The video work of Shaun Gladwell takes physical interaction as a starting point for the interplay between gesture and form. His video work since the late 1990s has utilised the medium to record performative action — dance, sport, skateboarding and biking —and sets this movement within video works that are artfully and aesthetically composed. The artist uses split frames, flipped camera angles, restricted fields of view or eerie slow motion, screened across split screens, projections and installations to explore the possibilities of video installation. Gladwell’s video is unrepentantly formalist in tone, and visually arresting.
Gladwell’s Loco Tapes (2004) presented a straightforward approach to the documentation of actions — simple, single frame video works that depict diary-style montages of people cycling, skateboarding and dancing, intercut with short dialogue and music scenes that present a context for the action. Gladwell’s simpler performance videos such as Storm Sequence (2000) and Tangara (2003) represent the rich visual style the artist has explored for the better part of a decade. Storm Sequence presents the artist executing balletic twirls on his skateboard in lashing rain set against ominous storm clouds at Bondi Beach. Tangara documents the artist hanging upside down in the entry way to a suburban commuter train, but with the camera turned upside down to create a disorienting spatial relationship. Both works are simple yet visually rich, using basic production methods to maximum effect.
Video works featuring bikes such as Double Line Work (2000), Hikaru: Fast Food Sequence (2001) and Busan Calligraphy + Slowburn (2006) create parallels between movement and the act of drawing. The metaphorical exploration of the visual trace of line made by movement captured on video and the mark left by painting and drawing — the white lines in the centre of a highway in Double Line Work for example — found literal expression in Busan Calligraphy which documents a rider exploring the acrobatic possibilities of a small bike in a gallery space filled with traditional Korean calligraphic drawings. Gladwell’s has repeatedly returned to his interest in dance/body movement in videos such as Woolloomooloo Night (2004), Pataphysical Man (Silent) (2005), and In A Station of The Metro (2006).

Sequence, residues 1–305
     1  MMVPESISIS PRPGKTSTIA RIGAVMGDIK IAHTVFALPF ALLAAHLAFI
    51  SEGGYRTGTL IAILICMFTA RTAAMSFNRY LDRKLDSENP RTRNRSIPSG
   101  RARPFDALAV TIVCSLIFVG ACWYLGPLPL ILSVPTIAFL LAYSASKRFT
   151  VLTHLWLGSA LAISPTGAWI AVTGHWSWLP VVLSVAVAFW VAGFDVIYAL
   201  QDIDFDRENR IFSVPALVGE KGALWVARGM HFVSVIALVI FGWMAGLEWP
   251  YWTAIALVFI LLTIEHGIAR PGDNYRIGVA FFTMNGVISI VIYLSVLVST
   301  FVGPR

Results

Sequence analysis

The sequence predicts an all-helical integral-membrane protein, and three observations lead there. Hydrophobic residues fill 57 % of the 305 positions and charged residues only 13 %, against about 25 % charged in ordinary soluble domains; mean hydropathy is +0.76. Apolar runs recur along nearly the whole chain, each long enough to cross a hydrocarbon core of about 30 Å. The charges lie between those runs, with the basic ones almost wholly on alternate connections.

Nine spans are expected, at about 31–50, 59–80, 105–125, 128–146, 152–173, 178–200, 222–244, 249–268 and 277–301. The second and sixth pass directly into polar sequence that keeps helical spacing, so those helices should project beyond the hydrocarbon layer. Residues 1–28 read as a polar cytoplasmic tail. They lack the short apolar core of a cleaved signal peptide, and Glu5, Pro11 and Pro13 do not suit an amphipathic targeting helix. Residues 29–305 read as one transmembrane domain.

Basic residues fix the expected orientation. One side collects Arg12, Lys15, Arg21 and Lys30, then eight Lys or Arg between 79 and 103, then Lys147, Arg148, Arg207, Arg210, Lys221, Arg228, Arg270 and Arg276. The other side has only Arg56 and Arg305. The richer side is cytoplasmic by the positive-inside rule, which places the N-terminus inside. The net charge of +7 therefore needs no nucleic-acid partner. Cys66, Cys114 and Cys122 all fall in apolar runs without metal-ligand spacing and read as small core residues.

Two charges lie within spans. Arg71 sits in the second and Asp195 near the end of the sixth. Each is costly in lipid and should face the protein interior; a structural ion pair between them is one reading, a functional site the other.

Many of Gladwell’s works have been presented in multiple-screen formats. A survey of his work presented at Artspace in Sydney in 2008 utilised a range of screens, from the small video display of PSP game machines to double screen projections thrown onto angled walls. Videos such as In A Station of The Metro — which features two figures on the floor of a ticket concourse in a Japanese subway station holding almost identical poses — deployed the double, angled images of two synchronised projectors to create a faux mirror image. This careful attention to the detail of presentation marks out Gladwell’s work and its aesthetic intentions.
Gladwell’s projects have evolved into increasingly complex pieces, presented in parts, or in installations across multiple screens intended to be taken as single works. His MADDESTMAXIMVS (2007) is an eight part work, including videos such as the double-screen Approach to Mundi Mundi (2007) to installations of the back-lit photographic work Contact Vanitas Scans (2007). Gladwell’s obsession with mirroring is again explored in Approach to Mundi Mundi which presents a two screen video of a motorbike on a stretch of barren road, the rider accompanied by a passenger who stands upright on the bike in the pose of a crucifix. The reflected gaze — the mirror and the double — are again found in Maximus as Narcissus: Broken Field of Reflection (2007), where a dirt bike rider encounters his reflection in a puddle.
The artist’s more recent videos such as Ghost Rider (2008) have, like his ambitious use of architectural form in his gallery exhibitions, sought to further extend the experience of the work into sculptural space. Ghost Rider was a single screen video of a rider pedaling a mountain bike through the deserted night of Sydney’s streets and underground expressways, jumping off the bike to let it “ghost” along sans rider. Together with the screen, the artist presented a series of mountain bikes on stands, their hollow metal constructions turned into ersatz musical instruments through the installation of tiny speakers, filling the gallery space with a ghost like whistling.